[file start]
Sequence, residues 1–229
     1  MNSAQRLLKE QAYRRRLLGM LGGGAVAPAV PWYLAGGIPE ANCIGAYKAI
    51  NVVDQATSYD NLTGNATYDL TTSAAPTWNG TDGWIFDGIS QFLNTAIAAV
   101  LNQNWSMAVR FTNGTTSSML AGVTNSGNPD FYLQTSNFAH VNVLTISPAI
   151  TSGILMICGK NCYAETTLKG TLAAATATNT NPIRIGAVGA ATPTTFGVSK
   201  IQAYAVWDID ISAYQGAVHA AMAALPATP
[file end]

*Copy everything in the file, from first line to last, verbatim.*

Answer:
Sequence, residues 1–229
     1  MNSAQRLLKE QAYRRRLLGM LGGGAVAPAV PWYLAGGIPE ANCIGAYKAI
    51  NVVDQATSYD NLTGNATYDL TTSAAPTWNG TDGWIFDGIS QFLNTAIAAV
   101  LNQNWSMAVR FTNGTTSSML AGVTNSGNPD FYLQTSNFAH VNVLTISPAI
   151  TSGILMICGK NCYAETTLKG TLAAATATNT NPIRIGAVGA ATPTTFGVSK
   201  IQAYAVWDID ISAYQGAVHA AMAALPATP